The Grizzlies are struggling. They entered Thursday having won their prior two games, but those were only against the lowly New York Knicks and Utah Jazz, and after having lost the five previous games. The squad’s defense, ranked last year at second in the NBA, has fallen to 24th as 2012-13 Defensive Player of the Year Marc Gasol continues to sit, and a season ending foot fracture to Quincy Pondexter further limited Memphis’ already skinflint depth.
This was always going to be a rough season for the Grizzlies, as the new ownership and front office group purposely chipped away at the team’s payroll and potential luxury tax figure last winter, doing well to free up the payroll mess they inherited from the previous regime but also limiting the team to a wafer-thin rotation. Randolph remains the team’s leading rebounder and he’s nearly tied for the team lead in points, but Gasol is clearly Memphis’ most important player – a dominant defender and offensive initiator that cannot be replicated by any number of low post or point guard options in reserve.
This is part of the reason why Randolph, potentially in the final year of his contract, could be up for any number of moves between now, the trade deadline, or next July. CBS Sports’ Ken Berger discussed as much on Thursday:
Still, there are long-term decisions to be made. If Randolph exercises his player option for next season, the Grizzlies' $62 million in committed salary will leave them comfortably under the tax but will afford no room to shop for free agents. League sources expect Randolph, 32, to opt out and try to score one more multi-year deal. But two people familiar with the situation say Memphis is not out of the mix to retain Randolph in such a scenario. The team is determined not to lose Randolph for nothing, so unless Randolph expresses a strong desire to leave -- which he hasn't -- there's no immediate pressure to trade him.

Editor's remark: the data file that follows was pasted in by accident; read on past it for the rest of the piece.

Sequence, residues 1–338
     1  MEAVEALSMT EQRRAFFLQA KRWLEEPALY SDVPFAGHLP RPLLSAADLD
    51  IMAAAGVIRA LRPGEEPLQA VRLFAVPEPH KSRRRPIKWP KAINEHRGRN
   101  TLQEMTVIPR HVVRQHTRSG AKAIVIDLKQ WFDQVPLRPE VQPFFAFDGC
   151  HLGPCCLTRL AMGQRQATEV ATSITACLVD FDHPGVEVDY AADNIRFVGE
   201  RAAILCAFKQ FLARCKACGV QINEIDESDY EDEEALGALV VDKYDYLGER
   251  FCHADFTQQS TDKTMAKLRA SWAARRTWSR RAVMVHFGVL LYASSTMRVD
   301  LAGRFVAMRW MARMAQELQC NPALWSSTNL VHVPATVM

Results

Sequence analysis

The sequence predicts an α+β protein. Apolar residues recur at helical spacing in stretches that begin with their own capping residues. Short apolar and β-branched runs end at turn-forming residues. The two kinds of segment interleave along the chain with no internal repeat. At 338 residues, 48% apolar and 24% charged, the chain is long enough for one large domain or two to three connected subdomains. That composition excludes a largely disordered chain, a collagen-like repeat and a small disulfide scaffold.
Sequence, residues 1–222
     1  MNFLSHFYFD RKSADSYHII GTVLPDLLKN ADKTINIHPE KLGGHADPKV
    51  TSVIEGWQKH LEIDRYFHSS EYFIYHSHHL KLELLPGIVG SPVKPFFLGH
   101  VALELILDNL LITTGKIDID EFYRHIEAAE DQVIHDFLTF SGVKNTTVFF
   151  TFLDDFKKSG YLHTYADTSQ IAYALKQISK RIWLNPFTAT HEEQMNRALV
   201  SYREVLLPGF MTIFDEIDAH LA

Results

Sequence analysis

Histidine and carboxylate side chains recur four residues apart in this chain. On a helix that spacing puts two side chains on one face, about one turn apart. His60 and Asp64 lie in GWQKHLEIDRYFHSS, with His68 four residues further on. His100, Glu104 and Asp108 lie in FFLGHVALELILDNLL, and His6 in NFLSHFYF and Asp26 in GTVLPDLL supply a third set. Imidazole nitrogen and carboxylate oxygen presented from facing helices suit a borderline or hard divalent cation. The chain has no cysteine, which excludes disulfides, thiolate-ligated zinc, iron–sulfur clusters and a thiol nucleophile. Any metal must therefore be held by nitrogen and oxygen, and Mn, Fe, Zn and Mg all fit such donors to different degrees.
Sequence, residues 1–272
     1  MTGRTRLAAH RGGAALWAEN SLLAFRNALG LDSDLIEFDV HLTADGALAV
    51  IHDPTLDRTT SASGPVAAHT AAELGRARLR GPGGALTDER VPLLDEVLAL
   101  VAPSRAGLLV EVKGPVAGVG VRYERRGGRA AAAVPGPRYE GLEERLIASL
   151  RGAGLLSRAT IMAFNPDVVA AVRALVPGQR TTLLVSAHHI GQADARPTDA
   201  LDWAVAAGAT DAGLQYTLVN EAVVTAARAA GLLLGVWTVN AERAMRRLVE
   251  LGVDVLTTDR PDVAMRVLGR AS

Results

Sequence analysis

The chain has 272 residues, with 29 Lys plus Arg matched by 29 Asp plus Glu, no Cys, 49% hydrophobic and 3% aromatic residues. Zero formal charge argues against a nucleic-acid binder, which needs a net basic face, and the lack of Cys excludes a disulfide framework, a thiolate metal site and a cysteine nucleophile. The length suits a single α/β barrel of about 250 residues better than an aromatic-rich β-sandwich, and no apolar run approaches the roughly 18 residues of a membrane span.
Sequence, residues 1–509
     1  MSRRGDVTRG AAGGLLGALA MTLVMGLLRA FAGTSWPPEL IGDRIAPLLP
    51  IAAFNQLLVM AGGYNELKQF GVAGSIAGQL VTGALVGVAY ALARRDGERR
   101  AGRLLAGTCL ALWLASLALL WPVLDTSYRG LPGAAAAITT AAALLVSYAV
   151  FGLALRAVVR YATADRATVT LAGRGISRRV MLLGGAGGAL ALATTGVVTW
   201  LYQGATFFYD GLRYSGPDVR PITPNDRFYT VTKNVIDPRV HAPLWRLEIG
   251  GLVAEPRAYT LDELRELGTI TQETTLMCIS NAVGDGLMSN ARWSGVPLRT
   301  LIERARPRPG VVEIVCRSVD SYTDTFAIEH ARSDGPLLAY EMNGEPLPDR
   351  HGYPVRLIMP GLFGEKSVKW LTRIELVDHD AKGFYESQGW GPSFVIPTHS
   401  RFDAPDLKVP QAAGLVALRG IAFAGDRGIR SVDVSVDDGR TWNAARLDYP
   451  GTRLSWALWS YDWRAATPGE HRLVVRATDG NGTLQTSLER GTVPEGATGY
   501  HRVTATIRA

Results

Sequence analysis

"It's a business and we've got new ownership, but I've still got a job," Randolph said. "That's why I go out and play hard no matter what."
Randolph truly loves it in Memphis, the franchise took a chance on him at his low ebb in 2009 and he responded with improved play, and a go-to low post game that helped take the Grizzlies to the second round in 2011, and helped the team take advantage of a weakened Western bracket on their way to the third round earlier this year.
The franchise, in turn, responded with a potential four-year, $66 million extension for Zach in 2011. In an ideal world for both sides, Randolph would decline his nearly $17 million player option for next season and sign an extension for a lower per-year rate to take him deep into his 30s, but things have a way of changing quickly in this league, and there’s no telling where the front office may send Randolph in either February, or next summer.
He’ll take anything to offset that impending fine, though. Zach counted to eight on Thursday night, and it’s going to cost him quite a bit.